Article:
Confucius (551–479 BCE) was a famous Chinese thinker and social philosopher, whose teachings and philosophy have deeply influenced East Asian life and thought. His philosophy emphasized personal and governmental morality, correctness of social relationships, justice, and sincerity. These values gained prominence in China over other doctrines, such as Legalism or Daoism during the Han Dynasty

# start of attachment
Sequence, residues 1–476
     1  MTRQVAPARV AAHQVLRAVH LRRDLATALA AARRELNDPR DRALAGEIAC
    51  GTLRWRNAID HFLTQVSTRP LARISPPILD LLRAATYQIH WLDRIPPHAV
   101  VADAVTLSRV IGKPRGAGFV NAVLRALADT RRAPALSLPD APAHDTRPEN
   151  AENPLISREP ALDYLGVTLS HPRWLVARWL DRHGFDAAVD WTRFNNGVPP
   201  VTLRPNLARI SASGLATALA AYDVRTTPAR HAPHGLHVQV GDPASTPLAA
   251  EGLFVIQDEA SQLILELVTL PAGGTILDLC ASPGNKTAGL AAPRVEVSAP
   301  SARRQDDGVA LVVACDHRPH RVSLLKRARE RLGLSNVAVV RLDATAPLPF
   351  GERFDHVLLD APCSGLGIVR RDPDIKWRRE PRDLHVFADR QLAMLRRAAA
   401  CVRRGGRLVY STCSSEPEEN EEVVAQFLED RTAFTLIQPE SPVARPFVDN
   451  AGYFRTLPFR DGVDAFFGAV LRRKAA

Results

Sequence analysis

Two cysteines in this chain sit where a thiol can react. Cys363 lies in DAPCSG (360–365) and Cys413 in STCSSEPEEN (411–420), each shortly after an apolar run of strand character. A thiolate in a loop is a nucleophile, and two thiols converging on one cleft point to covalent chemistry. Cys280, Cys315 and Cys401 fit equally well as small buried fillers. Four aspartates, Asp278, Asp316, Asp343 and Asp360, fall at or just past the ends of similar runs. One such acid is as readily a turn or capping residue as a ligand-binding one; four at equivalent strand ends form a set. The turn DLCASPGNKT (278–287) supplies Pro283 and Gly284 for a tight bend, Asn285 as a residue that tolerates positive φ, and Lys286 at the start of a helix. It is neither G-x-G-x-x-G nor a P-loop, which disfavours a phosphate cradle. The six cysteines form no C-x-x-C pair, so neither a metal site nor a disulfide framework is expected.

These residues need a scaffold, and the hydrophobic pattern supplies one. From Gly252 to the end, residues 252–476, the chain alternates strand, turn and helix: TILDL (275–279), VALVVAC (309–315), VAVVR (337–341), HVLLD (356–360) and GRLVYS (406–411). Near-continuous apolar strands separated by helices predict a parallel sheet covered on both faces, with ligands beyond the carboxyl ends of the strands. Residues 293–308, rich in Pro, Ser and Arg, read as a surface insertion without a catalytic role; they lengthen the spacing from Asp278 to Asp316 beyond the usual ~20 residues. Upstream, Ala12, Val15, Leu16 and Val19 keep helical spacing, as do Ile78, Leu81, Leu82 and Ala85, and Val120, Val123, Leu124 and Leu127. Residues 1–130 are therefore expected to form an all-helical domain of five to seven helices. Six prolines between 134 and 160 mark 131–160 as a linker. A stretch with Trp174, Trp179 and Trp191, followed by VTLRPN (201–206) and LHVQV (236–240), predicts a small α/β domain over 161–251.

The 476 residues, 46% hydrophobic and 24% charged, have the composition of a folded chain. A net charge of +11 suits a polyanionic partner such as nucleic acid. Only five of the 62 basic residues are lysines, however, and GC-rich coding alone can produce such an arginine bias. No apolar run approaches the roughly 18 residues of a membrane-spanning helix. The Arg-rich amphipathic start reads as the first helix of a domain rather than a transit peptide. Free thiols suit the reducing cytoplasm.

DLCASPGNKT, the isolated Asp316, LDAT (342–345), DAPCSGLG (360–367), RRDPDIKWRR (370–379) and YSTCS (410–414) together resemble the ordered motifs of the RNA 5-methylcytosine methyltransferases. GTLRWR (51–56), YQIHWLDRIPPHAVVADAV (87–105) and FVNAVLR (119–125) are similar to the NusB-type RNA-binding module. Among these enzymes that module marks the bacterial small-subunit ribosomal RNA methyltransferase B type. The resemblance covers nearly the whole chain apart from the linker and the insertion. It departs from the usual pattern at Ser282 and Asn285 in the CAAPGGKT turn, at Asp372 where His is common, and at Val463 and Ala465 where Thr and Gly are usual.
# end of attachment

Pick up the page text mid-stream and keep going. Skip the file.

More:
Confucius’s thoughts have been developed into a system of philosophy known as Confucianism. It was introduced to Europe by the Jesuit Matteo Ricci, who was the first to Latinize the name as “Confucius.” The teachings of Confucius are known primarily through the Analects of Confucius, a collection of “brief aphoristic fragments,” which was compiled many years after his death. Setting Confucius’ ideas against the context of his own life and times, Jonathan Price brings to life the thoughts of the Master in their pristine form. Price traces the influence of Confucius both in China and globally right up until our own day, and examines whether the world needs to listen to him once again.
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